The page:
So what are prospective PhD students (holding offers) doing for accomodation when they start. Private flat or postgrad halls? And what are your reasons? Same questions to people who are current or former students too.

This is just an issue playing on my mind and I'm just trying to decide.



I always lived in private accommodation and found it worked really well - for me. In my first year of my PhD, the Uni operated a housing open day for prospective postgrad students to meet each other and find places to live. It was really successful and I lived with some great people.

Having not lived in postgrad halls I can't comment on my personal experience. But having visited people who did, I think you would need to think very hard about doing so, especially if you have lived out as an undergrad. It was like walking back into undergrad halls again, lots of noise and mess. But maybe that was just the places I visited.


I'm a subwarden in undergraduate halls because, well, I'm poor and need the cheap rent. Thinking about moving to subwardening in postgrad halls in my final year though. It's not bad, free food, no bills and a decent lot of other subwardens to talk to...although we do tend to be a strange lot.


Private most certainly. My undergrad halls were awful, messy, noisey not my sort of thing. Would never go back even if it's Postgrad halls.

I like things to be just so, and dishes piled up for days or in the sink, or food being left out really stresses me. In private landlord or letting agency owned places people tend to treat them better, not always as it depends on who you live with. I have decided it is easier for me to live alone so that is the main reason I will not do halls again. :p


======= Date Modified 07 Jun 2010 11:19:46 =======
I live at home with my husband and children but other post grads I know seem to do fairly well out of being a hall tutor (think that's like a warden) they get free flat on campus in exchange for being on call a few nights a week. The senior hall tutor gets paid as well (about £6k I think) but has a bit more to do.

A lot depends on what you are used to, if it's a new town etc - do you need to make friends in which case on campus might be good but there is the problme of first years partying all the time. Are you used to having your own space in which case shared flat might be hard going.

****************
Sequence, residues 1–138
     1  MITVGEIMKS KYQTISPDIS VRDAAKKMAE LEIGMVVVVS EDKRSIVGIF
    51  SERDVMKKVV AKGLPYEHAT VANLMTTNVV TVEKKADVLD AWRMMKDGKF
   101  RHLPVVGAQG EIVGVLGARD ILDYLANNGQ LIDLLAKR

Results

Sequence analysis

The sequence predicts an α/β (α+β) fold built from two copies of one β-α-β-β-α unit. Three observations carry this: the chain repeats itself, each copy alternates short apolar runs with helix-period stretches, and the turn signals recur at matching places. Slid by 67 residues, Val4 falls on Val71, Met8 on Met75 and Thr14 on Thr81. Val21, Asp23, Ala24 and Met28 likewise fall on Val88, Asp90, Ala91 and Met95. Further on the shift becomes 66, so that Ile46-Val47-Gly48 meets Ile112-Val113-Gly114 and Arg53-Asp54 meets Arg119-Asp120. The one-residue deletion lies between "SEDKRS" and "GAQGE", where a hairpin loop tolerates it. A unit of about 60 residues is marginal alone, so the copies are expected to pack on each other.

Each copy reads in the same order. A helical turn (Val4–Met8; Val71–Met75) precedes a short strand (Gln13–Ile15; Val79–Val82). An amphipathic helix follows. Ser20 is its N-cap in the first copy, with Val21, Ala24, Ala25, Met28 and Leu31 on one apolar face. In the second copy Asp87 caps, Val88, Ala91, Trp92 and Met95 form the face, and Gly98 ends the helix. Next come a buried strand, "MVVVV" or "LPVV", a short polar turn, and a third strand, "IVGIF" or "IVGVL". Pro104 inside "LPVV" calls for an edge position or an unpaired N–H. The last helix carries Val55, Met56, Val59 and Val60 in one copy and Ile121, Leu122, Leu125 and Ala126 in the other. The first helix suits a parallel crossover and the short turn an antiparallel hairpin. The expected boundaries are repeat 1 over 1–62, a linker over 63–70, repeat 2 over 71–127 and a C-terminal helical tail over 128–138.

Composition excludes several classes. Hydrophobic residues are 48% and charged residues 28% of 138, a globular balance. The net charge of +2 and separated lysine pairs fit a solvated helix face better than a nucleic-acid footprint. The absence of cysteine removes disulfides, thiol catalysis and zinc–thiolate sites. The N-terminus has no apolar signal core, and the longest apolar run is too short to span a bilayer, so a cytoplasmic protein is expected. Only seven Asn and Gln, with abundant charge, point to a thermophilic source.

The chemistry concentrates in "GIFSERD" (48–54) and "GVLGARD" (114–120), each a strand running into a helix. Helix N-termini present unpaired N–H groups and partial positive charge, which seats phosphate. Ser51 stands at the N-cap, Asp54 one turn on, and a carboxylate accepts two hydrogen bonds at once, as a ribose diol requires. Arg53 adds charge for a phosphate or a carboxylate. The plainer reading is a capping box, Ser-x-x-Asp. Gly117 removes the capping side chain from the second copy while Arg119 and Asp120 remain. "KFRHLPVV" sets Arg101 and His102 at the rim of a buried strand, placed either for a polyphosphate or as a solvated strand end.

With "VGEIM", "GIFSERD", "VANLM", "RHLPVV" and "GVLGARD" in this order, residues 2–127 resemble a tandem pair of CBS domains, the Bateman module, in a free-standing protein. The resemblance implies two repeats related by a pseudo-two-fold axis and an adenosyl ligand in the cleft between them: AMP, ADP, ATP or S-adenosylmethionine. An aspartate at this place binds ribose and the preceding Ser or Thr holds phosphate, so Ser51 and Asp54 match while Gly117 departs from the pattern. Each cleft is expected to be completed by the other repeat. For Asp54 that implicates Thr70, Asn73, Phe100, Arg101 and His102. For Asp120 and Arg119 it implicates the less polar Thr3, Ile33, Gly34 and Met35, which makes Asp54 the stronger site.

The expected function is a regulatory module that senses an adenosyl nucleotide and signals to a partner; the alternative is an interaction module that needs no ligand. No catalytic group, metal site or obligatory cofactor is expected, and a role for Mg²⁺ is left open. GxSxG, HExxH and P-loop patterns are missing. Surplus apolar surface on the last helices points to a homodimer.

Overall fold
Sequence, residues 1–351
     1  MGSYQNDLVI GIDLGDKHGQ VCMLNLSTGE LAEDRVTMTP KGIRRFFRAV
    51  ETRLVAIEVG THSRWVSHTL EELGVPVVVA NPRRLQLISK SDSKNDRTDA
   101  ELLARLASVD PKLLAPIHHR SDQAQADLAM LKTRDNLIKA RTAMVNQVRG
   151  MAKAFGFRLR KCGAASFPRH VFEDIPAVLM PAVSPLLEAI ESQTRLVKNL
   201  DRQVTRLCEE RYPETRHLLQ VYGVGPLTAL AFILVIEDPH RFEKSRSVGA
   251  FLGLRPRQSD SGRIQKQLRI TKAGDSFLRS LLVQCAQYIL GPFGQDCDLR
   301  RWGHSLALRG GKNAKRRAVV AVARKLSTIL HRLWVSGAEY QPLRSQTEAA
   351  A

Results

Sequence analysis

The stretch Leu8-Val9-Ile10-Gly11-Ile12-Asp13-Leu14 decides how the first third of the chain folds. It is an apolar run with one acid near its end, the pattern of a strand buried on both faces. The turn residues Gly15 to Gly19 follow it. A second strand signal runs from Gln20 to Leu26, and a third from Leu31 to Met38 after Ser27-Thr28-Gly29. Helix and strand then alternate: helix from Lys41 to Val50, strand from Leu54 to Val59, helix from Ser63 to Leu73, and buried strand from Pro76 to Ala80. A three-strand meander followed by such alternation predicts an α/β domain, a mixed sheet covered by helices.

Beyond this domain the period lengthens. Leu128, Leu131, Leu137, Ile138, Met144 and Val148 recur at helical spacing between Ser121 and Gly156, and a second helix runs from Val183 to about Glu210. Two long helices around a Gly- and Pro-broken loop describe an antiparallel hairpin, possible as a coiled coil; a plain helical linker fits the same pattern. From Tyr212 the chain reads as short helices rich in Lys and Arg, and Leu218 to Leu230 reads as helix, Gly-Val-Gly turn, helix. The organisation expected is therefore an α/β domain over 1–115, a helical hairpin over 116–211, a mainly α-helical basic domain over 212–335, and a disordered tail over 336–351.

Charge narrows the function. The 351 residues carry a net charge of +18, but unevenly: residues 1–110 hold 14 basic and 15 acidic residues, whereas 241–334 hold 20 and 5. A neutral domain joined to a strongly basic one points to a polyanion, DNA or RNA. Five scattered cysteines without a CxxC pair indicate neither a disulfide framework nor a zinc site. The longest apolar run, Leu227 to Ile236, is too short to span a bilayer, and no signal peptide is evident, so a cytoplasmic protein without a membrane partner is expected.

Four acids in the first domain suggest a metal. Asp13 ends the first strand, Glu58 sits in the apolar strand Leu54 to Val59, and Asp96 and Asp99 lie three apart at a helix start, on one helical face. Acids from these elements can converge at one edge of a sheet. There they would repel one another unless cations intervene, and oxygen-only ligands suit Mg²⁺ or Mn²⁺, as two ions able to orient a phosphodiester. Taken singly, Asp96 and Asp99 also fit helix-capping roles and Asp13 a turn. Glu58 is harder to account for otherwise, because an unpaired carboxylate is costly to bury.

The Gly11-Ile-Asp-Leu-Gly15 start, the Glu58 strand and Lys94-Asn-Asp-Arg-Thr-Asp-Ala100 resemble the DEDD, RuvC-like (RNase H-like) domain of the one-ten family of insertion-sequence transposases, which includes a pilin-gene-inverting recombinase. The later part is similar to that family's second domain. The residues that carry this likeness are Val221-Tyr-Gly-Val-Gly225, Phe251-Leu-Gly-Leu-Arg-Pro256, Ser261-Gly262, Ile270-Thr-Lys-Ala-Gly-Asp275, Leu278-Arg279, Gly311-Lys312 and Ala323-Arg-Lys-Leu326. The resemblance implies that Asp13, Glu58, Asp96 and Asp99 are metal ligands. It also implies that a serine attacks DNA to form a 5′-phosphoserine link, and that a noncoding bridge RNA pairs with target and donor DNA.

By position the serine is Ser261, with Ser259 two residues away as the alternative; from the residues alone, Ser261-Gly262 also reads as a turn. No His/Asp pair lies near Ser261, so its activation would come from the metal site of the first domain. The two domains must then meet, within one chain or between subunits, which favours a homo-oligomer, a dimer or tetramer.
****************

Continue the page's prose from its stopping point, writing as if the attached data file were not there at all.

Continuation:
I lived in postgraduate halls in my first year and I found it a great experience. It's much much quieter than the other halls, most students tend to be mature and many were international so you had a range of cultures. Yes, the fire alarm went off a few times but much more rarely than the undergrads and it was a bonding session when we were all outside! I got to know most of the people living in the block as we were less than 100.

I moved 400 miles away to do my PhD, and I think if I'd have rented private in my first year, I'd have been very lonely. I shared with 5 others, who were all tidy and we went out for dinner/movies regularly. We've remained friends and still meet up for dinner often.

If you're considering postgrad halls, look up your universities halls group/page on facebook or 'google it' and see what others have said about their experience living there.

CB :-)


I didn't know you could get postgrad halls, I'm sure you can't where I am as we had a PGCE student living with us in halls when we were noisy first years!

I start my PhD this year and will be living with my parents, I'm self funded and simply cannot afford to move out unfortunately, if I manage to get funding for next year I will definitely move out, so that I am closer to uni, at the moment I live 60 miles away and go in 2/3 times a week (completing my MSc there now). I find it ok living at home, I have everything I need and it's easy in terms of getting my washing done and having food in the house, but I'd love it if it was quieter, they are becoming more understanding though!


Thanks for the replies. Well my thinking right now is either between PG Halls or renting a studio/1 bedroom private flat (i.e. no flat share).

I really have to have known people for at least a year before I share a private flat with them. Halls is different though. I lived in PG Halls for my MSc and it was generally quiet and the people were nice (although it was an effort to get them away from their books!). My only issue was with the bathroom but I would get an en-suite at this particular place.